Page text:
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Our assessment policy is aligned with our mission and stems from our endeavors to empower young learners to realize their full potential. Assessment is a celebration of the holistic journey of learning and personal growth. It is an ongoing process that focuses on the learner, and is an indicator of the different levels and layers of learning, both for the teacher and the students. It enables all parties involved to better reflect on learning. Through our varied assessment activities, which tap on the cognitive, affective and psychomotor domains and cater for multiple intelligences, we seek an authentic measure for the acquisition of knowledge, concepts, skills, and attitudes.

Practices and Principles

  1. Assessment forms an integral and continuous part of the planning, teaching, and learning processes.
    1. Teachers are expected to link planning, teaching, learning and assessment.
    2. Teachers are expected to assess student learning regularly against the objectives and assessment criteria specific to each subject.
    3. Teachers are expected to design and implement appropriate learning activities, based on analysis of students’ performance, in order to promote the learning of all students.
    4. Teachers will document all measures taken.
  2. Assessment is a series of interrelated experiences that enhance the learning process.
    1. Teachers are expected to assess prior knowledge before starting instruction.
    2. Teachers are expected to use varied formative and summative assessment tools and strategies to cater for the individual student.
  3. Assessment is an opportunity for all parties concerned to reflect on learning
    1. Teachers are expected to provide opportunities to students to both peer and self-assess their learning and progress, and to help them reflect on their own learning.
    2. The school provides students with continuous feedback on their learning.
  4. Assessment is twofold: summative assessment, which aims at determining the overall achievement of students, and formative assessment which aims at identifying the learning needs of students to support learning.
    1. Teachers are expected to specify the knowledge, concepts, skills, attitudes, and actions that must be assessed, while providing clear criteria on all assessments.
    2. Teachers use assessment results to make decisions regarding student learning and adjust their plans accordingly.
  5. The school has systems in place to record, analyze, and report assessment.
    1. Teachers are expected to follow school instructions pertaining to recording and reporting of assessment data.
    2. Teachers are expected to analyze the results of assessment, to monitor students’ acquisition of knowledge, concepts, skills, attitudes, and decisions to take action and to provide them with prompt feedback about their learning and progress.
  6. The assessment policy is communicated to all members of the school community.   
    1. Teachers are expected to communicate effectively and promptly with parents about students’ learning and progress.
    2. Teachers are expected to communicate effectively with teachers of the same subject, heads of the department, and the administration about students’ learning and progress.

Principles of Assessment

Students must be able to use and apply their knowledge and skills to comprehend, analyze and evaluate new situations and contexts. Students are also expected to create new designs and constructs based on their learning. Students need to understand assessment expectations, standards and practices, which teachers can introduce early and naturally in teaching, as well as in class and homework activities. All constituents, including students, teachers, parents, and administration should have a clear understanding of the reasons for assessment, what is being assessed, the criteria for success, and the method by which assessment is administered.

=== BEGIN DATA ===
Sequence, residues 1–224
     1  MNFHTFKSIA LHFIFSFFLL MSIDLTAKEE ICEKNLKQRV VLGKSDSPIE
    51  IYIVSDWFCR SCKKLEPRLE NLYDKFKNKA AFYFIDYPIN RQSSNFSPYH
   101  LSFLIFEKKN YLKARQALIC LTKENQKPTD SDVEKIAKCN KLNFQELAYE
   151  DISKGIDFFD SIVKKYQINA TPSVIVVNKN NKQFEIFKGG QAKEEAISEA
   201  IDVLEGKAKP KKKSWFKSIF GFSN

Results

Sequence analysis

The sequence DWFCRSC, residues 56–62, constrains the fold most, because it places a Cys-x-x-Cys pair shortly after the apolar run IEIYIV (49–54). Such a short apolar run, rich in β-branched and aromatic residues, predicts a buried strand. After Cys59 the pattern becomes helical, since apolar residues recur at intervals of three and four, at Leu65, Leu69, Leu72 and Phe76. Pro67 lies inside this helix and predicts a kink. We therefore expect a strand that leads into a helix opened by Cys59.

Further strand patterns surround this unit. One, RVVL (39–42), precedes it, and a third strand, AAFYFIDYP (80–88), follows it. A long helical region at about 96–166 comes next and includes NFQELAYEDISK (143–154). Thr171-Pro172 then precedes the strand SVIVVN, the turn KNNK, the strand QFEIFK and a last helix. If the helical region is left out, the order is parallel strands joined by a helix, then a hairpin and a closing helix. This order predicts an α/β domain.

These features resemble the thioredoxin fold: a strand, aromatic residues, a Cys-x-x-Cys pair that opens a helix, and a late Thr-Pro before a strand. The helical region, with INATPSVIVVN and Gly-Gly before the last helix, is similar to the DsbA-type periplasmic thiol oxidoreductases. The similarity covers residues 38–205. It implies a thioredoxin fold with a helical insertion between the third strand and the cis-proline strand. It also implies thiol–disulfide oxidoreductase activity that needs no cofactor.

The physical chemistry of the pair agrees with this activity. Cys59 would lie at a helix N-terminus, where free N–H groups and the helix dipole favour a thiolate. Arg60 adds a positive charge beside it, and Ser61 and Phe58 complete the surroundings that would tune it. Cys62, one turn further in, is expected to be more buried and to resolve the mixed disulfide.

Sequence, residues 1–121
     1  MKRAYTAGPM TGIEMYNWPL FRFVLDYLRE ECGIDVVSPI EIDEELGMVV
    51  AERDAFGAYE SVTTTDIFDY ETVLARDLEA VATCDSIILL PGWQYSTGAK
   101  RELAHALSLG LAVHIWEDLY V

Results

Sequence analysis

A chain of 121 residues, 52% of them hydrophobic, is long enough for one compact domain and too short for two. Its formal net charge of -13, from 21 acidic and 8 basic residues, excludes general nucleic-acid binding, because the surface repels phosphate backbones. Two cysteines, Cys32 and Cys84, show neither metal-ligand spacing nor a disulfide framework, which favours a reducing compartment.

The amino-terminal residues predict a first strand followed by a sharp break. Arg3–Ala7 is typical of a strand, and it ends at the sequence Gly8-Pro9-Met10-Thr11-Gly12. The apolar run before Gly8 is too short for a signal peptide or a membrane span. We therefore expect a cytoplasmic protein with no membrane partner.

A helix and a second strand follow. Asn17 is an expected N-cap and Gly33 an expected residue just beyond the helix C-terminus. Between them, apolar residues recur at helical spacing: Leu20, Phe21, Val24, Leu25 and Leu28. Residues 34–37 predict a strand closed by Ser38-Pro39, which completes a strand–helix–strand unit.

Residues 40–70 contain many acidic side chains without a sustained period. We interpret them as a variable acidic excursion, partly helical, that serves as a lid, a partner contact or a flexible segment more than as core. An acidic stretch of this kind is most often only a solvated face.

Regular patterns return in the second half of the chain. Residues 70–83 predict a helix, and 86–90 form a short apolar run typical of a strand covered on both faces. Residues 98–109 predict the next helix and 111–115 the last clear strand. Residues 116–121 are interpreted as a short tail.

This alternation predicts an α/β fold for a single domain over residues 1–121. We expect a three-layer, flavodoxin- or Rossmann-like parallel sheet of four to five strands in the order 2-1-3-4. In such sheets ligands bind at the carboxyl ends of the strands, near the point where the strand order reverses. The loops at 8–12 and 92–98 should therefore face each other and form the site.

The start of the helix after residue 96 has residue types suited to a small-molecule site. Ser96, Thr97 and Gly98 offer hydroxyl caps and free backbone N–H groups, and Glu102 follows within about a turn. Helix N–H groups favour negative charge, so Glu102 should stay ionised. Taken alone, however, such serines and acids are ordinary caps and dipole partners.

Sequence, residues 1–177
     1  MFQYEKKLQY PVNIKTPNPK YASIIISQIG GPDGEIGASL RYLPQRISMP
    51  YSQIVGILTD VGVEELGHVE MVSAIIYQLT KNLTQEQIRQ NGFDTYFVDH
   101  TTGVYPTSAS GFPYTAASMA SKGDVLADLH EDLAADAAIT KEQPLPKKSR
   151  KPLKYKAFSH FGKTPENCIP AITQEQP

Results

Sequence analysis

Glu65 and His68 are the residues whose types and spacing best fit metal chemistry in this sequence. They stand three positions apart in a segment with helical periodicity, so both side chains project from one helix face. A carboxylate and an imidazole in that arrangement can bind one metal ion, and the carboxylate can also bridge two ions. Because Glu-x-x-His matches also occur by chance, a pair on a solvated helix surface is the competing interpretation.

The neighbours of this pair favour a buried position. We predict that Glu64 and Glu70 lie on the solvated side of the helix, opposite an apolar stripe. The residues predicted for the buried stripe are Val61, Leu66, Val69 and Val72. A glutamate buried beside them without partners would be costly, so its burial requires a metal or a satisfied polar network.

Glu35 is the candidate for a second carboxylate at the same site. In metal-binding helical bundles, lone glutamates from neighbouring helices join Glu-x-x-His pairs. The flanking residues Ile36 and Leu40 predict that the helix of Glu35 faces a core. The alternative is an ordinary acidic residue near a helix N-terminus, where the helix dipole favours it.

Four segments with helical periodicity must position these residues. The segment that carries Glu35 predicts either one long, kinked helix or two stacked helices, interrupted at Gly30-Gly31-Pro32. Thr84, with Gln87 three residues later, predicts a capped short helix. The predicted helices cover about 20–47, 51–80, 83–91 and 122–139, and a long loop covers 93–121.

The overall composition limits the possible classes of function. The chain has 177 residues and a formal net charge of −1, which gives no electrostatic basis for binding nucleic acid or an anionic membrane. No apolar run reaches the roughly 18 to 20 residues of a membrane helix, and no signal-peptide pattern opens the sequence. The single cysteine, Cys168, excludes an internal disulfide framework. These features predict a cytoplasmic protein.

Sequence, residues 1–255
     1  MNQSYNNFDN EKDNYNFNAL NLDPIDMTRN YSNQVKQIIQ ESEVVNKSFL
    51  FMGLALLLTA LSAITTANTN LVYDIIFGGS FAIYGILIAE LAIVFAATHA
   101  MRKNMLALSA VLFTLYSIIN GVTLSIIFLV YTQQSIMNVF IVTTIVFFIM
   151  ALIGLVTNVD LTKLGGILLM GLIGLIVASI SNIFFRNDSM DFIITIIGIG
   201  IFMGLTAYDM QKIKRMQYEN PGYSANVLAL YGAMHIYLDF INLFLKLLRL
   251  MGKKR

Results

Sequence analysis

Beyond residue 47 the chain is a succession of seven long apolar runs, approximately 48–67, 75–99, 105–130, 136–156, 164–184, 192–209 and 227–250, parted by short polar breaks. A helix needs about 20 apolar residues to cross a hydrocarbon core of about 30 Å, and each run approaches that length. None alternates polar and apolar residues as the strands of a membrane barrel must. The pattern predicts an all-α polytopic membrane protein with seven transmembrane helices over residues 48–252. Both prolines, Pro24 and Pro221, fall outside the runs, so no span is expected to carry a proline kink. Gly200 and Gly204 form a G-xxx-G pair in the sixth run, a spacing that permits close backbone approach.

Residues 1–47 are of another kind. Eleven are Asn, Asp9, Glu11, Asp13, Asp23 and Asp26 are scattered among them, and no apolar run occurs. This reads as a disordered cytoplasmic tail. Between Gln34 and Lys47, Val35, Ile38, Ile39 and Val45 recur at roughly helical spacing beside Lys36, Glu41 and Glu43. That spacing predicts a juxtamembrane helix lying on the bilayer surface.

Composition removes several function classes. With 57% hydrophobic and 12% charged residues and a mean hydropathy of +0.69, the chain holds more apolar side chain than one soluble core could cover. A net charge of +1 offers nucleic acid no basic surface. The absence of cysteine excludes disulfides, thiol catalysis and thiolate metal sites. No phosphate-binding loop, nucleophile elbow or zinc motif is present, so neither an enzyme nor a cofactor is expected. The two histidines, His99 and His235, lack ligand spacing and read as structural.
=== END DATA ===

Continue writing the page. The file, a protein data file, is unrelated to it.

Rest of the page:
Assessment is central to the goal of thoughtfully and effectively guiding students through the five essential elements of learning:

  • Acquisition of knowledge
  • Understanding of concepts
  • Mastering of skills
  • Development of attitudes
  • Decisions to take action

The assessment component can itself be subdivided into three closely related areas

  • Assessing: how we discover what the students know and have learned
  • Recording: how we choose to collect and analyze data
  • Reporting: how we choose to communicate information


The assessment of the students’ development and learning is an essential component of the curriculum and helps to inform continued development, learning and teaching. Students are observed in a variety of situations and a wide range of assessment strategies are implemented throughout the school year. Teachers use a range of formative and summative assessments, which help to demonstrate student achievement.

Types of Assessment:

  • Pre-Assessment:

    At the beginning of each Unit, teachers will assess students’ prior knowledge and experience before embarking on new learning experiences. It is not necessary to adhere to a certain assessment tool or specific criteria for this type of assessment.

  • Formative Assessment:

    Formative assessment is interwoven with learning. It helps teachers and students find out what the students already know and can do and therefore it provides information that is used in order for teachers to plan the next stage in learning. Formative assessment and teaching are directly linked and function purposefully together.

    Formative assessment aims to promote learning by giving regular and frequent feedback to the students throughout the learning process. This process helps learners to improve their knowledge and understanding, to foster self-motivation and enthusiasm for learning, to engage in thoughtful reflection, to develop the capacity for self-assessment, and to recognize the criteria for success.

  • Summative Assessment:

    Summative assessment aims to give teachers and students a clear insight into students’ understanding.

    It is the culmination of the teaching and learning processes, and gives the students opportunities to demonstrate what has been learned. Summative assessment informs and leads to improvement in the teaching process and student learning; it measures understanding of knowledge, key concepts, strategies, skills and attitudes, and leads to action.

    During collaborative planning, teachers decide on the tool and strategy appropriate to the age group. They use a previously agreed upon key with performance indicators and a detailed description of each one of these indicators to assess students.